financing improved. The decline of Rs. 9 billion over       Private Banks       180             168             171          2
the preceding quarter by private sector banks was           Islamic Banks        6               5               7          40
due to maturity of loans availed in the month of           Foreign Banks         10              9               9           0
September and October 2010 (Table 1C).                         Total            208             193             200          4


      1.7.2. Commodity-Wise Distribution
Commodity-wise outstanding financing (Rs. 200 billion) shows textile sector at the top with Rs.126 billion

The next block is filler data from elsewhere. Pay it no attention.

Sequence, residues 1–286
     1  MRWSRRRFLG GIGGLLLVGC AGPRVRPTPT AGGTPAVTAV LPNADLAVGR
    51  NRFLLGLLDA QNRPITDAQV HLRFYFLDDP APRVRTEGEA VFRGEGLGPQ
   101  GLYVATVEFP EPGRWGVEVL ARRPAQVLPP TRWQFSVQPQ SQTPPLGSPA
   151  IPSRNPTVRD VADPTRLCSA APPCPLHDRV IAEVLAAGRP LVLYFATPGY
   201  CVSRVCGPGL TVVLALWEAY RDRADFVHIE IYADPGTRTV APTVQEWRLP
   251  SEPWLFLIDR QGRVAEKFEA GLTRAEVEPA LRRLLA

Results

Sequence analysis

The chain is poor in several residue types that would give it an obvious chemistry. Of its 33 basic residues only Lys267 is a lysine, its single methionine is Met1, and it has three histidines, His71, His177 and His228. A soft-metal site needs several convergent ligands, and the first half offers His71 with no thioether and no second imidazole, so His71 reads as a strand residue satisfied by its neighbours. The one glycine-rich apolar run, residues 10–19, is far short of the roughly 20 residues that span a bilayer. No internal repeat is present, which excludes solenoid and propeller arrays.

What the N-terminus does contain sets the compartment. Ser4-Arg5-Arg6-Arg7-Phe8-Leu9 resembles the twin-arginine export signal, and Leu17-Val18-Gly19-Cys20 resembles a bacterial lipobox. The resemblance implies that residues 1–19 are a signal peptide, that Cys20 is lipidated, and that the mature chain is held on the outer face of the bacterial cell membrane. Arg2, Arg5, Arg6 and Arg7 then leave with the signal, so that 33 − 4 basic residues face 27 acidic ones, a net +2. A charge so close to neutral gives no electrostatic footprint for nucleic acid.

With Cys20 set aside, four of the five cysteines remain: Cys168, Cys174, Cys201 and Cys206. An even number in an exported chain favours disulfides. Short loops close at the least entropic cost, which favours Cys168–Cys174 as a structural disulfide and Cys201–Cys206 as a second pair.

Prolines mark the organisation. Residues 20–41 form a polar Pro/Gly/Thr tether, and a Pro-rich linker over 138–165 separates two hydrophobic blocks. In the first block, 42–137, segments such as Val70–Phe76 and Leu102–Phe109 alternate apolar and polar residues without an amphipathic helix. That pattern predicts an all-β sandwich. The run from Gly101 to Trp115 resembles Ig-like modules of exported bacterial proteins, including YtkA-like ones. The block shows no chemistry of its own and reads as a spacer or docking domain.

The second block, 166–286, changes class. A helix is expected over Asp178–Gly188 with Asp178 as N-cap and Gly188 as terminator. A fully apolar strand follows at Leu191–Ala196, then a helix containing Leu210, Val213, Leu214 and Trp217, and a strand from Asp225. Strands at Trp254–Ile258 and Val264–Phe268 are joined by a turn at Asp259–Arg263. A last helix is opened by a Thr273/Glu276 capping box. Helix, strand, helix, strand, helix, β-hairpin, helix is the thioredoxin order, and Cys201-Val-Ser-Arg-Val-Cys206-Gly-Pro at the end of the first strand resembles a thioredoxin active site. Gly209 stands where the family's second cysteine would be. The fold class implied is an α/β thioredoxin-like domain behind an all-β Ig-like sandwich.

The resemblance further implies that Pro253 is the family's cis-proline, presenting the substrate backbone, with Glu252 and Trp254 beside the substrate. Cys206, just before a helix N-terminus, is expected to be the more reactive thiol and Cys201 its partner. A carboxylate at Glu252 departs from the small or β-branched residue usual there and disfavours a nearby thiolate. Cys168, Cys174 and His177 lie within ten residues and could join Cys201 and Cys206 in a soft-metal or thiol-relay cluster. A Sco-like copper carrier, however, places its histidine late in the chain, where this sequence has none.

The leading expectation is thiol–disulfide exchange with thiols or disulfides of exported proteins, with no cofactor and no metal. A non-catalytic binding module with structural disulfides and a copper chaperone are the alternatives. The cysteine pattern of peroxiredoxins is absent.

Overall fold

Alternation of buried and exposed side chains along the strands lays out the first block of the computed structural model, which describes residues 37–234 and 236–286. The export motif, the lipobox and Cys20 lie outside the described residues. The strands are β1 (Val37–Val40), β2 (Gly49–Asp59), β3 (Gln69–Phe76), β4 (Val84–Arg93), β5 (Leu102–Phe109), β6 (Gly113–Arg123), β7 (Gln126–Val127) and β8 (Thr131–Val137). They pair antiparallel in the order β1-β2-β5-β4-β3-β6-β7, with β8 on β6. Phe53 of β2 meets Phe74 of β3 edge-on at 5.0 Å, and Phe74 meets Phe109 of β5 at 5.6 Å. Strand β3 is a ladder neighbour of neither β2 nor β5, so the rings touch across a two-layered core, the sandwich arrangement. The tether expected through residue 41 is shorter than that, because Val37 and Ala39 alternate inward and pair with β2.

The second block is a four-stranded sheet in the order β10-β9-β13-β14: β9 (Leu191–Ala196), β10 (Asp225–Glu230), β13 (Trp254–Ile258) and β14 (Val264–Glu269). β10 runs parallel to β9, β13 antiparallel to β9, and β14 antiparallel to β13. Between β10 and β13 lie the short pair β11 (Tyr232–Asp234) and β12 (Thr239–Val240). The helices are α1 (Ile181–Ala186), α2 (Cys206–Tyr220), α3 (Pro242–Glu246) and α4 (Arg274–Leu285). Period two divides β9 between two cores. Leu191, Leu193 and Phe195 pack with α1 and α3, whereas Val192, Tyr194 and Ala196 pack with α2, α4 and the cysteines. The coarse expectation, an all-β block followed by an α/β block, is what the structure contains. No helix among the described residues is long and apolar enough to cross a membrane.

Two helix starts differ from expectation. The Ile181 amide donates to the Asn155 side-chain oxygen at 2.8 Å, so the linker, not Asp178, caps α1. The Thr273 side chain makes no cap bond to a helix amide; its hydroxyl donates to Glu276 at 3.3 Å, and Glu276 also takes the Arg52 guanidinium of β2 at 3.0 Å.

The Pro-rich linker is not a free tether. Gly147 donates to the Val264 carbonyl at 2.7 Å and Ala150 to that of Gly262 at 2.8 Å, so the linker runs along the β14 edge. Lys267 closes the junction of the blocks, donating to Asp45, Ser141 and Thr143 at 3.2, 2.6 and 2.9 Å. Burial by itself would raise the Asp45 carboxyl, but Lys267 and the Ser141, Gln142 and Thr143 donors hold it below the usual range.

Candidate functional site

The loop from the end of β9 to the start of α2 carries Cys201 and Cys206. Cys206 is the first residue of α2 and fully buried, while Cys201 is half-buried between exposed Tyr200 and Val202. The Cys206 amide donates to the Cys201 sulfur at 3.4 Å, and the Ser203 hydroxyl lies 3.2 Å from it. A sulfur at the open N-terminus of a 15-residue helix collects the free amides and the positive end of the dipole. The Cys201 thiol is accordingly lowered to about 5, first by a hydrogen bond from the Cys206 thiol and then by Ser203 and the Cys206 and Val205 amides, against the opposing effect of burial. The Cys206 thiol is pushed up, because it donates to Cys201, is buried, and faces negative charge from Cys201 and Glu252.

(63.1%) followed by edible goods with Rs            Table 1D: Commodity Wise Outstanding Financing
27 billion (13.6%). Both sectors showed         Sector           Dec-10 March-10 March-11          % Change
decrease of 3.0% and 9.0% respectively,                                   Billion PKR             YoY   QoQ
compared to Dec-2010 quarter. This Textile/Textile Products 130.1          116.0       126.2       8.8   -3.0
decline is reflective of overall decline in  Edible Goods         29.8       29.5      27.1       -8.0 -9.0
the amount outstanding particularly due Leather/Leather Goods     11.6       10.9      11.6        7.0   0.1
to adjustments of loans under Part-II of      Machinery           1.8         1.0       1.4       38.3  -19.7
EFS. The disbursements and the              Metal Products        2.8         2.9       2.1      -28.1 -24.6
outstanding to the sectors are expected        Carpets            4.2         2.5       1.7      -31.6 -58.4